Eugene Ormandy, whose name has been virtually interchangeable with the Philadelphia Orchestra for nearly half a century, died Tuesday.
The maestro who lived with his orchestra as with a lifelong love and who viewed its players as his "musical children," was 85 when he died of pneumonia in his Philadelphia home with his wife at his side.
Ormandy officially handed over the Philadelphia baton to a younger man, Riccardo Muti, in 1980, but continued as conductor laureate until his death.
He also did occasional guest conducting and as recently as last April had been scheduled to conduct at the Hollywood Bowl, but a recurring heart ailment prevented his appearance.
"I suppose I am the last of the breed," he told interviewers after his 44 years with the Philadelphia organization had set a world record. And he made no secret of his disdain for the new breed of jet-set musical directors.
"Conductors now hold two, three, even four posts," he said in 1976. "All over the place...They have to get from one place to another as fast as they can...and at the very end, what did they gain? They don't have their own children, their musical children..."
As he approached his 80th birthday and final season as music director (1979-80), he was moved to say that his association with Philadelphia's artists and musicians "has been my life."
In a more relaxed mood, he would josh about the good fellowship he and his "boys and girls" enjoyed. "I'm one of the boys," he would say, "no better than the last second violinist. We are all musicians. I'm just the lucky one to be standing in the center, telling them how to play."
Under Ormandy and his predecessor, Leopold Stokowski, the Philadelphia Orchestra came to be a world-class musical ensemble, called by Harold C. Schonberg of the New York Times "probably the greatest virtuoso orchestra of all time." The "Philadelphia sound" was familiar to music lovers around the globe, and that sound was distinctly Ormandy's.
It was said that in Ormandy's time more people had heard the Philadelphia sound than that of any other symphony orchestra. The Philadelphia was held to be the world's most traveled and most recorded symphonic organization. The musicians were kept so busy, in fact, that the Philadelphia became the first (in 1963) to offer its players a full 52-week contract, according to Louis Hood, former longtime public relations director for the orchestra.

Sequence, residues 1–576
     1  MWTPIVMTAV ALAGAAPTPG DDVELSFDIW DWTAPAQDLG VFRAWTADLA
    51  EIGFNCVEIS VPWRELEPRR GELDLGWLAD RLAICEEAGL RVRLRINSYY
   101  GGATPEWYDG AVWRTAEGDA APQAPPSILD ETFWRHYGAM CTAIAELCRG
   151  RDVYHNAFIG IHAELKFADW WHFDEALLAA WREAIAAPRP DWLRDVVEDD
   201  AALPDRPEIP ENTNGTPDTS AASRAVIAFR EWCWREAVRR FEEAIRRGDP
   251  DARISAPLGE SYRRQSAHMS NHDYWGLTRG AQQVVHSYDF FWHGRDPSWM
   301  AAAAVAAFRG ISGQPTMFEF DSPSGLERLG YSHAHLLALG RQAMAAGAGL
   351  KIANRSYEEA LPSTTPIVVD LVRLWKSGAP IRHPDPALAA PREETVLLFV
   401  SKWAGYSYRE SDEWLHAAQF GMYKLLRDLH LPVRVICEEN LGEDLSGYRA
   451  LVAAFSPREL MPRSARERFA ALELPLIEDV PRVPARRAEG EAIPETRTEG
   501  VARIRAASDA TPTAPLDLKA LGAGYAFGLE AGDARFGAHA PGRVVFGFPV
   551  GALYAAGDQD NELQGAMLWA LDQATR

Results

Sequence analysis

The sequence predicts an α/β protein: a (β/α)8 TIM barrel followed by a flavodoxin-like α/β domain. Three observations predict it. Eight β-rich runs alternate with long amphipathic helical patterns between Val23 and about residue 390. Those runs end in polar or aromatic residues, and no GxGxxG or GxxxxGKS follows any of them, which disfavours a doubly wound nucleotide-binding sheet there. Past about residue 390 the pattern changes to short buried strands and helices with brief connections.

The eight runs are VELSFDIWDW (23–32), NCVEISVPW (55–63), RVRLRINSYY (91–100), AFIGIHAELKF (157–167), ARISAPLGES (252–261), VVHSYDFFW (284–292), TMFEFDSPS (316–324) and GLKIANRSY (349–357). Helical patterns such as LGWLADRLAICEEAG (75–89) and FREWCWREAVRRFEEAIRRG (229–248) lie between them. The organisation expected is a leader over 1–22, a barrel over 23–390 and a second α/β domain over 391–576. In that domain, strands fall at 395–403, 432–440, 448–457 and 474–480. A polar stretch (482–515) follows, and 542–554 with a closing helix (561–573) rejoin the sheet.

The group toured widely and added something like 400 long-playing records to the musical catalogues under Ormandy's direction, garnering three gold records and two Grammy awards along the way.
In addition, Ormandy guest-conducted many other major orchestras that, legend has it, then began to emit the "Philadelphia sound."
Asked to define that sound, Ormandy would respond matter of factly: "C est moi." (It's me.) Not everyone along the way thought so. Some early critics were loath to give Ormandy that credit, saying he inherited the rich sound from Stokowski.
Ormandy vowed to continue that great tradition when he succeeded Stokowski in 1936. "I could not permit it to be said that the reputation of the Philadelphia Orchestra was declining under my direction," he once told an interviewer.
"But the Stokowski sound and the Ormandy sound were not the same," he said. "I gave greater emphasis to the strings."
If, in the words of Hood, "Stokowski put the orchestra "on the map," Ormandy kept it there and brought it even greater fame. By the time he stepped aside all 106 players in the orchestra had been hand-picked by Ormandy. The sound was undeniably his.
Ormandy hadn't always been standing in the center, telling others how to play. He once was the last second violinist in a movie theater pit orchestra in New York City. It was a long way from Budapest's Royal State Academy of Music and his Wunderkind days as a budding concert violinist, but the job paid $60 a week and he was glad to get it.
It was 1921 and Ormandy was 22, broke and abashed that the U.S. concert tour for which he had crossed the Atlantic with such high hopes had collapsed before he ever set foot on a stage.
The two young fellow Hungarians who lured him into the ill-starred journey with a proposed package of 300 concerts at a fee of $30,000, proved to have more enthusiasm than experience. The best offer they could muster was for three Carnegie Hall concerts if they would put up $4,500 to defray costs.
This experience prompted Ormandy to quip in later years that he was "born in New York City at the age of 22."
Ormandy actually was born Jeno Blau in Budapest on Nov. 18, 1899, the son of a prosperous dentist with a fixation that his first-born son be a concert violinist. The boy was named Jeno (Eugene) after the reigning Hungarian violinist of the day, Jeno Hubay. At the age of 3 he was given a tiny fiddle and at 5 he was accepted as a pupil at the Royal State Academy--where Hubay taught. At 9, he played before the emperor, Franz Josef.